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Journal of
Family Medicine and Disease Prevention
ISSN: 2469-5793
RESEARCH ARTICLE | VOLUME 3, ISSUE 3 | OPEN ACCESS DOI: 10.23937/2469-5793/1510065

Zika, Public Health, and Future Professionals: An Assessment of Student Knowledge, Media Utilization and Health Literacy Levels

Amy K Chesser1 , Nikki Keene Woods1, Lamin Barrow1 and Jennifer Mattar2

1Department of Public Health Sciences, Wichita State University, USA

2Department of Biomedical Engineering, Wichita State University, USA

*Corresponding author: Dr. Amy Chesser, Department of Public Health Sciences, College of Health Professions, Wichita State University, USA, Tel: 316-978-3145, Fax: 316-978-3072, E-mail: amy.chesser@wichita.edu

Received: April 17, 2017 | Accepted: September 25, 2017 | Published: September 27, 2017

Citation: Chesser AK, Woods NK, Barrow L, Mattar J (2017) Zika, Public Health, and Future Professionals: An Assessment of Student Knowledge, Media Utilization and Health Literacy Levels. J Fam Med Dis Prev 3:065. doi.org/10.23937/2469-5793/1510065

Copyright: © 2017 Chesser AK, et al. This is an open-access article distributed under the terms of the Creative Commons Attribution License, which permits unrestricted use, distribution, and reproduction in any medium, provided the original author and source are credited.

Keywords


Zika, Health literacy, Risk communication, Public health

Introduction


Over the past year, there has been increased public attention focused on the continued spread of Zika worldwide [1-4]. The origin of the Zika Virus (ZIKV) was the result of a flavivirus found in the blood of a rhesus monkey (isolated in 1947), found near the city of Entebbe, Uganda, in the Zika forest [5]. Zika is a virus carried by its vector of the mosquito, Aedes species [6]. Modes of transmission are through blood, from mother to fetus, and sexual intercourse [7]. According to the Centers for Disease Control and Prevention (CDC), common symptoms are fever, rash, joint pain, red eyes, muscle pain, and headache. The two main health risks associated with Zika are Guillain-Barre Syndrome, which affects the nervous system, and microcephaly, a birth defect that causes inadequate development or growth of the brain revealed upon birth. Zika symptoms commonly present for a single week duration, showing similarities to infections like dengue and chikungunya [5,7].

Zika is not only a problem for the United States, but also for East Africa and Southeast Asia, as well as the regions of South and Central America. The World Bank in 2016 projected that Zika-related economic losses in Latin America alone would reach $3.5 million [1]. Furthermore, findings from an online poll reported 77% of the United States public is "not very worried" about Zika virus. Epidemiological trends of Zika in the United States have portrayed inequalities in low-income regions. Pregnant women in regions of unkempt environmental conditions, usually indicative of lower socioeconomic status, endure a higher proportion of burden due to risk of micorencephaly [5].

International travel has made disease prevention a global concern. The news media and recent reports continue to keep the topic at the forefront. There remains an increased interest in understanding how the general public perceives and absorbs health information, to ensure preventive measures are comprehensive yet still understandable to a variety of literacy levels. Although Zika has been headline news in national and international settings, little research has been done to understand the knowledge and attitudes for this issue. One study which examined Zika awareness concluded that participant was well informed about Zika, knowledge of credible sources of information concerning the virus, and were more likely to vaccinate themselves if a vaccine was available [8]. These findings articulate the desire for a vaccine, but do not illustrate opinions and attitudes regarding media outlets, and other common modes of mass communication. The objective of this study was to assess student knowledge about public health concerns and utilization of different media channels for information for public health concerns, including older adults and Zika. Additionally, health literacy levels were recorded.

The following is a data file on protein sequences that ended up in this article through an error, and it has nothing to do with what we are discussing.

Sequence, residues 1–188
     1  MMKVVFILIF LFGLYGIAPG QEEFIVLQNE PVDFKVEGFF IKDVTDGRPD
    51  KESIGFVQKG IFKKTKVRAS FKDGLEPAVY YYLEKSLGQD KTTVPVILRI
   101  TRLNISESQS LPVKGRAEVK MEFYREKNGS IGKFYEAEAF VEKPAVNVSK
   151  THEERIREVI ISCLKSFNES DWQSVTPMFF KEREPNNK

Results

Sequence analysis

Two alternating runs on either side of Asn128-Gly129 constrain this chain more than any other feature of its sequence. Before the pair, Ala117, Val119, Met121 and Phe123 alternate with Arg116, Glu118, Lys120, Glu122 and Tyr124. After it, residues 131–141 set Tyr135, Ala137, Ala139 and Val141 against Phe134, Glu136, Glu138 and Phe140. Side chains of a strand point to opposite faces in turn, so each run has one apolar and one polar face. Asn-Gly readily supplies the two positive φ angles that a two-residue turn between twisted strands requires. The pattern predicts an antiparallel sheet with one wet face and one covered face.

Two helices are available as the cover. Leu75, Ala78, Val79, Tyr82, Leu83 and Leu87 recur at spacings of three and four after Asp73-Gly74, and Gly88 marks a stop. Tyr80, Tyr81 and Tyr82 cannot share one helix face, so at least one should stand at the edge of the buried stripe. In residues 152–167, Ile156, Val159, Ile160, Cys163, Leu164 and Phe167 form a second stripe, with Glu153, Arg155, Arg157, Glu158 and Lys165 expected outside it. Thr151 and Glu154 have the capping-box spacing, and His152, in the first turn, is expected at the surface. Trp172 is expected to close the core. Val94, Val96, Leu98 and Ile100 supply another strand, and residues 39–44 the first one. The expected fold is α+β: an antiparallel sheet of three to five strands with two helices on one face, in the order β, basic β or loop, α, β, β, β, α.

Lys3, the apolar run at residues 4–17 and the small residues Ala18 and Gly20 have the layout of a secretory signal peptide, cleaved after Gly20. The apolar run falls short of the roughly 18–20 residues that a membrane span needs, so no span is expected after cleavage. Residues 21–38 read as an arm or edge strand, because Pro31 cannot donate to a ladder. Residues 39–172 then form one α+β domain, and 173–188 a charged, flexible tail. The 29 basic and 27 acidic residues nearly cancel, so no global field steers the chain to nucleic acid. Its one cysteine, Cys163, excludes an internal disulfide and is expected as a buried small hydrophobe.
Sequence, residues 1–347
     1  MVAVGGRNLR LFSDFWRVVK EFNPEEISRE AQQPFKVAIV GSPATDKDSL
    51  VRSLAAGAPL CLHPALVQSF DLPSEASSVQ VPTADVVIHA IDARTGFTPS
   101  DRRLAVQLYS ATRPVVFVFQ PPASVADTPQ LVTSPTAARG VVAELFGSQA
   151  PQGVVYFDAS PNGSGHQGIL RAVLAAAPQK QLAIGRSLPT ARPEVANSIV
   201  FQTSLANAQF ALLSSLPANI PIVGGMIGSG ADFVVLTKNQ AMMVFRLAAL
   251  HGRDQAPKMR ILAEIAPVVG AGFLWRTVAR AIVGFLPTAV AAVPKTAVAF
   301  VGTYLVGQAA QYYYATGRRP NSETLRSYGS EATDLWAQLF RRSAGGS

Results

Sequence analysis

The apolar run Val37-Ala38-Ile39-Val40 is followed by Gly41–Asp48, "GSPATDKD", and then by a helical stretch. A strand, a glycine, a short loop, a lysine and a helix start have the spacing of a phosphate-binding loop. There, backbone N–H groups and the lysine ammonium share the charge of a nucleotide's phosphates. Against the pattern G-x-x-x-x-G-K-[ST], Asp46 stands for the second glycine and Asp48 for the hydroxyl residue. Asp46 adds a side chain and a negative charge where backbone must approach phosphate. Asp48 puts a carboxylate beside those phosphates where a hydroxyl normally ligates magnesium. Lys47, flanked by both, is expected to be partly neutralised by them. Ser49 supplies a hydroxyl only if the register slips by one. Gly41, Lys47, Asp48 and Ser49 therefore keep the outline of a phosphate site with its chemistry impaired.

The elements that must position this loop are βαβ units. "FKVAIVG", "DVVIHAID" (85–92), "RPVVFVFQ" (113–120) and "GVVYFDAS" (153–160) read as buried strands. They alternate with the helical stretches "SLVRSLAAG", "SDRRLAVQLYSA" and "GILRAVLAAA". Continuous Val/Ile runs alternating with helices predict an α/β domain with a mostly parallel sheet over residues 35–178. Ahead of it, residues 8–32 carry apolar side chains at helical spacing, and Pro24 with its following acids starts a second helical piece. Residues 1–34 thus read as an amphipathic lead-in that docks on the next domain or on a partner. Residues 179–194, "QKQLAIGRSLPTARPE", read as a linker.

Three research questions guided this study, which included:

RQ1: For students in public health and communication, what is the level of knowledge about public health concerns including Zika.

RQ2: For students in public health and communication, what are the media channels used for information public health concerns including older adults and Zika.

RQ3: For students in public health and communication, what is the health literacy rate.

Methods


Study design

The study design was a pilot study using a test-survey. The study design mirrored a previous study design by the authors which measured Ebola [9]. The survey was distributed to a convenience sample of college students enrolled in communication and health profession programs using the online Qualitrics® data collection software during an eight week period in spring 2017. Participants were recruited through convenience sampling through course and program email. The survey was self-administered; consent was obtained prior to completion of the survey.

Survey questions assessed student knowledge, and opinions of: General information about Zika, current public health issues, student media use and information sources, media coverage of Zika, and U.S. policy regarding Zika and health literacy levels. Demographic questions to describe the population characteristics (i.e. gender, age, family income) were included. This study was approved by a university Institutional Review Board.

Measures